Crystal Meth (冰毒) becoming China’s drug of choice

Update: Great piece by Newsweek, “North Korea’s Meth Export: An underground economy, border transients, poverty, and desperation fuel a drug scourge in the Chinese hinterlands.”

On the eve of June 26th’s International Day Against Drug Abuse and Illicit Trafficking, leaders from China’s Ministry of Health gathered to talk to reporters about the country’s efforts to battle drug addiction. What came out in the discussion is that the abuse of synthetic drugs is on the rise, while abuse of more traditional drugs on the relative decline. There is special concern for what the Chinese have dubbed ‘new ice’ or “冰毒,” commonly referred to in the states as crystal meth.

According to Bao Yanping, Peking University Institute of Drug Dependence Research Assistant, crystal meth is preferred above all forms of synthetic drugs:

As of 2009, according to data released by the Narcotics Control Commission, there are 1.335 million registered drug abusers and 27% are users of ‘new’ drugs [synthetics], and this figure is rising very quickly: use of ‘new ice’ [crystal meth], especially, has risen very fast among drug users. Last year’s data show that China has more than 20 provinces where the amount of seized crystal meth was more than the amount of seized heroin.

One big issue with crystal meth and other synthetic drugs is that they are more likely to be mixed and used together than their traditional counterparts. Another issue is that the drugs are cheaper and more easily manufactured than traditional drugs. These two characteristics mean that synthetic drugs are most dangerous for already at risk populations because the mixing of drugs can lead to much more destructive health effects and result in behavior that puts people at greater risk of contracting sexually transmitted diseases:

In the past we believed that drugs and drug users came in two basic groups. One set of drugs/users was central inhibitors, the other was central stimulants, and these two were always separate groups, they did not cross. But with the recent increase in drug abuse, new multi-drug abuse has increased, according to national survey on drug abuse. Drug abuse monitoring centers’ data show that 30% of the heroin user population also uses synthetic drugs.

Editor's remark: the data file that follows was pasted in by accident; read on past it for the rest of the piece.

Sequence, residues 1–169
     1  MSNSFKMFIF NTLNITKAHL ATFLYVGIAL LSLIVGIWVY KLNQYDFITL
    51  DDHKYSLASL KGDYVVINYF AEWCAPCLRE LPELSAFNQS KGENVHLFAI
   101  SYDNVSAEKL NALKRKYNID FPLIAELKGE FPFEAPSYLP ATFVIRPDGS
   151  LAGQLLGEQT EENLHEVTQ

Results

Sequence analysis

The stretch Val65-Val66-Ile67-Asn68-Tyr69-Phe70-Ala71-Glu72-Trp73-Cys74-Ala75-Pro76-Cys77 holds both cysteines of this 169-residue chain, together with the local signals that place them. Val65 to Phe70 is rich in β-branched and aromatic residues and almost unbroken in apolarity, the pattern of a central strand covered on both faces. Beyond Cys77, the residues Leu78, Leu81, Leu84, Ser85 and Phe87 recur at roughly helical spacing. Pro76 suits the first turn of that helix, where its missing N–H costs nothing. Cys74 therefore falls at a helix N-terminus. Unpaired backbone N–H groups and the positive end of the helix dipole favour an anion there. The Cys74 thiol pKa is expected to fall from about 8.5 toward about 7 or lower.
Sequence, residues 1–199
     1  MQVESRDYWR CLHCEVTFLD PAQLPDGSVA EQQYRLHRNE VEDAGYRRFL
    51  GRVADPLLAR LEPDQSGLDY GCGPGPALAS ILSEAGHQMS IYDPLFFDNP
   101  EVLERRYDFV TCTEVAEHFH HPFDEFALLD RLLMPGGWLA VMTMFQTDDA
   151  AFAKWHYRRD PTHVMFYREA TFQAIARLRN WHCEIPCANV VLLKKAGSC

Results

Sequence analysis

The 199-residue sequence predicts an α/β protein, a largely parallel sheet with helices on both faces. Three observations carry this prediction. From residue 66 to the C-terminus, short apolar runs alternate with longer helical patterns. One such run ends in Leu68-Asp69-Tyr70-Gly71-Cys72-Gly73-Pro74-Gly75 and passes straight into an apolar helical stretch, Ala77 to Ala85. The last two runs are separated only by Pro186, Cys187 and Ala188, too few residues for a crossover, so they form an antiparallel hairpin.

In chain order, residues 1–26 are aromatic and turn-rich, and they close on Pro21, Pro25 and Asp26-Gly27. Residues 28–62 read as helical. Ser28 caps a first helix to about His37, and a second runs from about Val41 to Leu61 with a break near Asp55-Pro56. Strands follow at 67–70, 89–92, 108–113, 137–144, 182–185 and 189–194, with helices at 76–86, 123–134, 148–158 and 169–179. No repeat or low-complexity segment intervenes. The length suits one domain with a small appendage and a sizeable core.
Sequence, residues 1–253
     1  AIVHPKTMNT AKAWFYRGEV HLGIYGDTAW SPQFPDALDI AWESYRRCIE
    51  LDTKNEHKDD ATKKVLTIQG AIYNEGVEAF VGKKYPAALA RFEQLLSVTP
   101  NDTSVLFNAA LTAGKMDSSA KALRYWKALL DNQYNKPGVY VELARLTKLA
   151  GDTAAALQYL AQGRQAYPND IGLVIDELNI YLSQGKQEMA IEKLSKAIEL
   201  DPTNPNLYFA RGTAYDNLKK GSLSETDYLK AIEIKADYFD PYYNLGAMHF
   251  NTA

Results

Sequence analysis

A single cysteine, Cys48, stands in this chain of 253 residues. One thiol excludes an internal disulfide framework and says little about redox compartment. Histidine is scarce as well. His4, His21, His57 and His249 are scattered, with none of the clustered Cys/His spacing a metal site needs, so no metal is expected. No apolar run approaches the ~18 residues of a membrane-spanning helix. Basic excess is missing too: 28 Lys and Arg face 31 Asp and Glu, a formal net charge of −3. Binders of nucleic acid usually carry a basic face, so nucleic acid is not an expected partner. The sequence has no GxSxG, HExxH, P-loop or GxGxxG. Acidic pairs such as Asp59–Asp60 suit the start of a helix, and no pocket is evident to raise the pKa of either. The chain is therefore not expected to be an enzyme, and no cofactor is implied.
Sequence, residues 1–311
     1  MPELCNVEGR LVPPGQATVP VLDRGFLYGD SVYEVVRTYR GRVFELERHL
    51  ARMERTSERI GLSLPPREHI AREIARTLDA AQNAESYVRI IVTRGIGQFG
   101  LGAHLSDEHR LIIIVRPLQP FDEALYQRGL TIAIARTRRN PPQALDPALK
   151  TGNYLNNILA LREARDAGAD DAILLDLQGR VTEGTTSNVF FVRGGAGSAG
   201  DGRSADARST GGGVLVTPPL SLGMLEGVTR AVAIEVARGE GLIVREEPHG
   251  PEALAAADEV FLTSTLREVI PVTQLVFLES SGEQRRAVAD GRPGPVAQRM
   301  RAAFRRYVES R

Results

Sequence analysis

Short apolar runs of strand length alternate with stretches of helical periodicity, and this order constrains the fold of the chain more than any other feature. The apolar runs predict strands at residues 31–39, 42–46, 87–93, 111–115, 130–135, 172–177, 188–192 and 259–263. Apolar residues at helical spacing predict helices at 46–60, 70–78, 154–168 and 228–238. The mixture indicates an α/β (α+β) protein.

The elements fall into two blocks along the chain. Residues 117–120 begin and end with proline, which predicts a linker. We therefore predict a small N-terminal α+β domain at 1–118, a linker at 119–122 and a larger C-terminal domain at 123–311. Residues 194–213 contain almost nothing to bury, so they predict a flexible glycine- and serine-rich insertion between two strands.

….

In addition…sex workers comprise a very high percentage of crystal meth users. Combined with the use of traditional drugs by intravenous injection, the risk of of HIV sexual transmission is increased, so HIV infection risk may be higher.

Another group of particular concern is young people under 35 years of age, who are the group most likely to use the new drugs.  The worry is that since young people under 35 are also the most sexually active members of society, the increased risk of sexual disease transmission likely to occur in the sex-worker community will also cross over into the mainstream due to the fact that synthetic drugs are most commonly taken in groups:

New drugs are abused mainly by people under the age of 35, and these people are sexually active, and the abuse of new drugs are mainly used recreationally, in groups. Such circumstances may easily lead to mass promiscuous sexual behavior or group behavior. Sexual promiscuity, however, is not likely to result in the use of condoms and other protective behavior, and these actions together likely to lead to HIV infection.

As part of the state’s major AIDS prevention, research and intervention strategies among drug users, including for new drugs, a study conducted  among drug users, found that the prevalence of multiple sex partners, same-sex sexual behavior and the use and mixing of a variety of new drugs is likely to cause  HIV infection.

This focus on youth and HIV is not surprising, partly because this year’s theme for the June 26th day against drugs is “youth and synthetic drugs,” and partly because HIV is still poorly understood and widely mis-characterized among the Chinese public (see also here). The connections between drug use and HIV are clear in some instances – like with intravenous drug users – and not so clear in other instances, so take the words quoted above with a grain of salt.

But, the focus is not misplaced. Crystal meth use has proven itself a hit with youth all across the world: the fact that it is cheap and easily made is the ultimate formula for winning over youth with limited money to spend on drugs and limited resources to travel to acquire them.

If this and last year’s focus on drug raids in Beijing and the other cities is any indication of China’s current attitude against the drug problem, people can expect such police activities to increase in the immediate future.

 

Comments

  1. says

    One interesting demographic that I’ve heard about that was not mentioned in the article are migrant workers in Chinese cities who are increasingly opting for crystal meth. The reason I’ve heard is simple: it allows them to stay awake and active for days on end which allows them to work, literally, 24/7, with very little sleep and minimal nourishment. I’d like to see this explanation corroborated with fact — and maybe statistics, although I wouldn’t trust any official Chinese gov’t statistics.

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